m. 18 DEC 1859
Facts and Events
William Brown Kelsay was born in Cumberland Co., NJ and died between the years 1894 to 1897 in Polk County, Arkansas. William was eighteen years old when he made the trip from New Jersey to Vernon County, Missouri with his parents and other siblings. William married Clara Adell Leonard, probably in Missouri. William and Clara sold 40 acres of land in Vernon County, MO to Henry S. Kelsay. Their address was given as "Indian Territory", which of course later became Oklahoma. Polk County, Arkansas is right on the border with Oklahoma, and William B. Kelsay and his family were always listed in their address as: Mountain Fork, Polk County, Arkansas from then on.
William was a very religious man, and on, January 9, 1894, he had his Pastor, W.R. Cecil write from Mountain Fork, Polk Co., Arkansas to his father, David P. Kelsay back in Vernon County, MO and urged him to repent and be baptized if he had not already done so. On, January 11, 1894, he wrote his mother, Sarah back in Vernon Co., MO. He mentioned in the letter that he had received a letter from her a few days before, and was answering as soon as he could get Brother Cecil to write. William could not write, and he had his Pastor, W.R. Cecil do all of his writing for him. In the letter to his mother, William said they were all well and they had a mild winter so far and no snow, but they expected some winter before long. He closed his letter by hoping to hear from her soon.
Sometime between, January 1894 and March 1897 (probably in the year 1895 or 6) Willliam B. Kelsay was accidently shot in the woods while hunting wild turkeys. He was found shot to death in the woods with a turkey caller in his hand. It was theorized that William was calling for wild turkeys when somebody mistakenly shot him. The guilty party never came forward, however, and nobody ever knew for sure who killed William. He was either 44 or 45 years old at his death, and was buried in Polk Co., Arkansas. William's widow, Clara wrote a letter to Henry S. Kelsay on, April 11, 1898 back in Vernon County, MO. She was writing from Mountain Fork, Arkansas, and said she was surprised and sorry to hear about the death of Sarah B. (Ivins) Kelsay, who she called "Mother" in the letter. She stated she had been looking forward to her visit that coming summer, and they only lived 15 miles from the depot. She gave the children's age, and said they would rather he would take care of the settlement of their father's estate, as he was his one brother and would be honest like him. She said she had married again about a year before, but had given the children what was left of their father's estate, except for what she had spent trying to find out who the guilty person was that had killed him. Clara Adelle Kelsay married J.W. Parker as her second husband on, March 12, 1897 in Mountain Fork, Arkansas. They were both 44 years of age at that time, and Justice of the Peace, W.N. Martin performed the ceremony. Book "D", page 2, Polk County, Arkansas Court House. This marriage must have been rather short and probably ended in divorce, because on, February 5, 1903, Clara A. Kelsay signed a statement that gave her 16 year old daughter, Mary, permission to marry. She must have had her married name of "Kelsay" restored to her, for she used it in 1903 and was still using it in 1935 when she and the children signed a "quit claim deed." This deed was dated, January 30, 1935, and the land was located in the Northwest quarter of Section thirty, Township 1, South range thirty two West. Clara A. Kelsay signed the deed, and the two daughters signed with their married names. Burton R. Kelsay and his wife, Emmer, made their mark. Clara would have been 82 years of age at this time.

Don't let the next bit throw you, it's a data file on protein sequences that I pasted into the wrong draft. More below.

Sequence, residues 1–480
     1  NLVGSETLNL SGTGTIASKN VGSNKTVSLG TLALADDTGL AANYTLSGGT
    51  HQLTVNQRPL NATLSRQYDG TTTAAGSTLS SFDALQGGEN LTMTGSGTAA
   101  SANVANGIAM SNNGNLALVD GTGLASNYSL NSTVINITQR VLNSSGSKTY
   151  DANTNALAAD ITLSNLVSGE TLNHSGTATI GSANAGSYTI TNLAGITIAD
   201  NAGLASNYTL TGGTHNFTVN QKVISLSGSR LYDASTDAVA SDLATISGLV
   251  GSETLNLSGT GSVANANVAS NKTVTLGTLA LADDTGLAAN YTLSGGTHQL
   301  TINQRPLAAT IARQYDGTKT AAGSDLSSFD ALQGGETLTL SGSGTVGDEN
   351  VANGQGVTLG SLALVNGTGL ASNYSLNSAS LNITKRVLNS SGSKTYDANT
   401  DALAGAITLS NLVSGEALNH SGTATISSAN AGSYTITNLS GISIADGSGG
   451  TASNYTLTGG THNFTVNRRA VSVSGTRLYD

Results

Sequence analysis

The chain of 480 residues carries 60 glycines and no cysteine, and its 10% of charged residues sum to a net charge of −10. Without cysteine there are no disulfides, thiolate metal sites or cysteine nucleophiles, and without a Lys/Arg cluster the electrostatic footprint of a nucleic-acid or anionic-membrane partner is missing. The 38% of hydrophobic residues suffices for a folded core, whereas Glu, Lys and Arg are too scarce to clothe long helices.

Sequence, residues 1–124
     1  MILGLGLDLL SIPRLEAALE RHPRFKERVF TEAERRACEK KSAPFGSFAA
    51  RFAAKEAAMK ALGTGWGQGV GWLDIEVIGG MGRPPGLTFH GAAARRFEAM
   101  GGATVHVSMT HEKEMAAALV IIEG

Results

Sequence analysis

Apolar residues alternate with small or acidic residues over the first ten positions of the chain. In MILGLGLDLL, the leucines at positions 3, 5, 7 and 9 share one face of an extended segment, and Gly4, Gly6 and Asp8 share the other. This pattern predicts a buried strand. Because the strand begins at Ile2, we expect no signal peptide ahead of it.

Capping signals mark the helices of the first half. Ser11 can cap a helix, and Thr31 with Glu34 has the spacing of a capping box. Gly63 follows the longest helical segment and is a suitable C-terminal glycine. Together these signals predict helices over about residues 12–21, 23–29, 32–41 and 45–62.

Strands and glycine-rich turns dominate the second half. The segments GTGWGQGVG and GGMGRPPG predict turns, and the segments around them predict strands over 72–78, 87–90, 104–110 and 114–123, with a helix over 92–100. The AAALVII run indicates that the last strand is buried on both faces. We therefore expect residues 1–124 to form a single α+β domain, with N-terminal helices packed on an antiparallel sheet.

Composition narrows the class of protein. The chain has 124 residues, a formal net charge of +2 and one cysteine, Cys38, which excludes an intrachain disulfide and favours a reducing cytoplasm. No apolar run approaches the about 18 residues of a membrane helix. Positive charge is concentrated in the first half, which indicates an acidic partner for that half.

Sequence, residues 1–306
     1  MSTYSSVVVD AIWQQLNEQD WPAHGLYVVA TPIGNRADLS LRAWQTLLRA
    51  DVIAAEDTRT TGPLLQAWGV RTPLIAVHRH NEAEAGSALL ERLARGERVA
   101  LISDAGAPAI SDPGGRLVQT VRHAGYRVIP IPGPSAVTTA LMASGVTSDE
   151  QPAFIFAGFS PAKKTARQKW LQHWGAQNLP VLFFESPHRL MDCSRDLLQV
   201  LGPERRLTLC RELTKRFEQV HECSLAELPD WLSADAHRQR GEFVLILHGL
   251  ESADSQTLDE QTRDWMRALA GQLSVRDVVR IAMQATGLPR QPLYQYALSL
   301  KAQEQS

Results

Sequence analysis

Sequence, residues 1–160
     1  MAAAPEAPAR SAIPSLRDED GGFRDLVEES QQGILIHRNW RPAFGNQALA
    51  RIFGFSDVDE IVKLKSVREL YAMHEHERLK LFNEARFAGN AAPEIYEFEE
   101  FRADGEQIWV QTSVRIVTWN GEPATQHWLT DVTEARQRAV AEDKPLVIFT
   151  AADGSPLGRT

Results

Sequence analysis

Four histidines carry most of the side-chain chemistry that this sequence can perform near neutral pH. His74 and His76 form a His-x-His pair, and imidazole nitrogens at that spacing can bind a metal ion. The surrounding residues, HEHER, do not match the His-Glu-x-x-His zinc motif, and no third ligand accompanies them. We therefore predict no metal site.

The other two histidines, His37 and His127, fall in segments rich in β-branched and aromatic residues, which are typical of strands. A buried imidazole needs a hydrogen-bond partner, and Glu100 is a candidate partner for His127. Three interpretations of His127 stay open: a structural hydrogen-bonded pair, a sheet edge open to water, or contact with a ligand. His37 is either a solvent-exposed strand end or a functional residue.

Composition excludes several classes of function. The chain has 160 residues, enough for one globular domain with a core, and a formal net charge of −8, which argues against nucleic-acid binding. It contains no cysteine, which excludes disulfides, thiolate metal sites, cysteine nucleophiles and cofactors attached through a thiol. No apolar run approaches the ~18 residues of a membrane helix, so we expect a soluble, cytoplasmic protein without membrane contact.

Yvonne Russell was a grand-daughter of Mary Kelsay and wrote me a letter on, Aug 3, 1990 to my home in Mableton, Georgia. She was trying to help me out with the family lineage. The letter was handwritten, but I will quote it in type just as Yvonne wrote it to me. We exchanged several letters and she even sent me a very delicious fruit cake one time for Christmas. She mentioned that I spell my name differently, so apparently the descendants of William Brown Kelsay have been spelling their surname incorrectly with an "e" instead of an "a", as Rev. Robert Kelsay spelled it when he moved from Ireland in 1734. The following is Yvonne's version of some of the descendants of William Brown Kelsay:
"Dear Mr. Kelsay,